American Horror Story Season 6 Premiere Review

The voices in the basement are whispering this one was worth the killer suspense—and something is back to haunt us from seasons past.

No matter how many eight-legged teasers FX had crawling all over YouTube to mess with your head, Season 6 of American Horror Story has finally emerged from the shadows as a quasi-historical ghost story. 

American Horror Story: My Roanoke Nightmare takes the form of a docu-drama convincing enough to blur the line between nightmares and the nightly news. While AHS fans were able to unearth the theme from suspicious set photos that materialized on TMZ, from creepy colonial-era props to a tree trunk carved with the cryptic word CROATOAN, this was the one thing about Season 6 that Ryan Murphy was able to keep buried until the final seconds leading up to Chapter 1. The body count starts right now. 

While the ripped-from-Cosmo backstory about traveling salesman Matt (Andre Holland) and yoga instructor Shelby’s (Lily Rabe) whirlwind romance can be saccharine at first, what they tell the camera soon takes a dark turn. Matt is soon attacked by a thug and ends up facedown and half-dead outside a movie theater whose headlining feature is (forebodingly enough) Crimson Harvest. Shelby miscarries from the shock. Played by Sarah Paulson and Cuba Gooding Jr. in the flashbacks, Matt and Shelby flee L.A. to escape the horror of his brush with the grim reaper—except what they don’t know is that they are running right into his bony embrace. 

My Roanoke Nightmare takes us from Season 5’s swank hotel to a 1792 farmhouse covered in peeling paint and vintage toile wallpaper, its pièce de résistance a monstrous vertigo-inducing spiral staircase shrouded in cobwebs. The characters are always shining flashlights down murky corridors lined with sconces. Oozing through its cloudy windows is an ectoplasmic greenish-yellow light, which always makes it seem to be just on the edge of that time when unmentionable things start to creep around at night. High marks for the deliciously eerie ambience. 

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Maybe I’m just gullible when it comes to ghost stories, but what made me want to facepalm every other second of this episode is Matt’s stubborn refusal to believe the paranormal source of the incidents that scare the zen out of his yoga-loving wife. He brushes it off as twisted ZZ Top wannabes who were trying to drive the interracial couple out by playing bogeyman after nightfall. Racist acts of terror might explain the shredded garbage can outside the house, but not disembodied voices that sound like a chorus of Gollum and Freddie Krueger echoing through the hallways. Or something heavy enough to land Matt in the morgue instead of the hospital goes whizzing right over his head. Or human teeth rain that down like hail. Or the blood-soaked homage to Saw that is the pig carcass on the doorstep. Or the cobwebbed garlands of voodoo dolls that whisper a Wicker Man tribute all the way up that spooky staircase. It takes him that long to install security cameras.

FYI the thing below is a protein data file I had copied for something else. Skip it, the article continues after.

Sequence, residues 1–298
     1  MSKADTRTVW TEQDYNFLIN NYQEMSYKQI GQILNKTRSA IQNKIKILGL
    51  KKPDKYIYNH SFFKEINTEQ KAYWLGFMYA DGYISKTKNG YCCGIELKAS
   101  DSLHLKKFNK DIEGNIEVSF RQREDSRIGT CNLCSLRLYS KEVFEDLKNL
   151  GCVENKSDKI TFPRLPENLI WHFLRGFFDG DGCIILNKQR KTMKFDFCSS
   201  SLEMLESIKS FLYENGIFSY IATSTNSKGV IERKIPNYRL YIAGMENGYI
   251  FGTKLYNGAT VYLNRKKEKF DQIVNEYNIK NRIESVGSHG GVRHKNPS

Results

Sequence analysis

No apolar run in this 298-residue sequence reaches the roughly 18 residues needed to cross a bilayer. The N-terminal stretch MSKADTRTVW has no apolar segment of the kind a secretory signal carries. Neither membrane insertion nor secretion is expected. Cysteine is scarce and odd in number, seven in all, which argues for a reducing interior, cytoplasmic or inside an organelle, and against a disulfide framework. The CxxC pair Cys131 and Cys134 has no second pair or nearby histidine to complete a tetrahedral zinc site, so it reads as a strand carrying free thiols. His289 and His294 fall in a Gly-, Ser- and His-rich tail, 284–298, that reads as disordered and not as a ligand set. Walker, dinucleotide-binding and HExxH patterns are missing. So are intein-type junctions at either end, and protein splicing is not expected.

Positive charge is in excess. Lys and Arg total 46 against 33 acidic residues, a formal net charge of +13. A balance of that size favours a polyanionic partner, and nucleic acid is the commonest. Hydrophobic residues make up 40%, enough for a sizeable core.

The suspense of Season 6 does not disappoint. What start out as the type of slightly unnatural things that have you constantly looking over your shoulder just keep getting weirder and weirder. Suddenly you’re watching a video on an ancient TV screen in a basement that some invisible hand locked you in, and then you’ve got a demon hand without a face trying to drown you in the outdoor hot tub. You try to drive away just to crash into AHS alum Kathy Bates coming at you from the woods in 16th-century garb out of nowhere in the middle of the night. When you run after her you end up lost in a forest full of even more voodoo dolls, when you realize you’re being watched by fellow vintage-clad Wes Bentley as you’re being desperately reached for by some random guy with blood streaming down his face who looks like he’s just been scalped. The only spook missing is Lady Gaga. 

Even creepier is that Season 6 is a phantom of something foretold by Season 1’s gimmicky press-on nails psychic. In an attempt to exorcise Murder House that works about as well as a cheap Ouija board, she shakily recalls the curse of the Ghost Colony, aka Roanoke. Mysteriously murdered colonists haunted and slaughtered the natives until their elder shaman cast a banishment spell to summon the ghosts by throwing their talismans into the fire. Guess what magic word was supposed to dissipate them forever: CROATOAN. 

Now excuse me while I try to sleep without thinking every squirrel and raccoon scratching around is actually a demon in the basement.


3.5 out of 5